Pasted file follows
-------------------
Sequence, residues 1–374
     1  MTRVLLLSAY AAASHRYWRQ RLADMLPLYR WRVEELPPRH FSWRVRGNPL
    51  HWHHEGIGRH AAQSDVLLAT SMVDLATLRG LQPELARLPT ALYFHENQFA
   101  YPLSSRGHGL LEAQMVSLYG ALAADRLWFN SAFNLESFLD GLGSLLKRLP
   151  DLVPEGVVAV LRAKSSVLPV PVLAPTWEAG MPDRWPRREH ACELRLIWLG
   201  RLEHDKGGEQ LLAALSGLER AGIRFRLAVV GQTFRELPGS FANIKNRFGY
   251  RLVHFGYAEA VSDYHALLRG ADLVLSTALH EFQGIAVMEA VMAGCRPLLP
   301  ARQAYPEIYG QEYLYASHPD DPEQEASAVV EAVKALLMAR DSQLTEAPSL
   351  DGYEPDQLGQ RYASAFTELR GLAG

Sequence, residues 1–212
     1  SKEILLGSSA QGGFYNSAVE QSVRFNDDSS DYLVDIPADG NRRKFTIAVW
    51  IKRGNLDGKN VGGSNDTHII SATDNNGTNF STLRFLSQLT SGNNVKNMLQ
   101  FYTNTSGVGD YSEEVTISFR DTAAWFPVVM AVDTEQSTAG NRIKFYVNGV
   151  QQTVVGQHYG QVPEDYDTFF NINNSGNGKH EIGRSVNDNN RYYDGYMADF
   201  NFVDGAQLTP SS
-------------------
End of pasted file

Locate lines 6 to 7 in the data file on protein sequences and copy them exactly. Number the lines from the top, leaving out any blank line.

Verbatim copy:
   201  RLEHDKGGEQ LLAALSGLER AGIRFRLAVV GQTFRELPGS FANIKNRFGY
   251  RLVHFGYAEA VSDYHALLRG ADLVLSTALH EFQGIAVMEA VMAGCRPLLP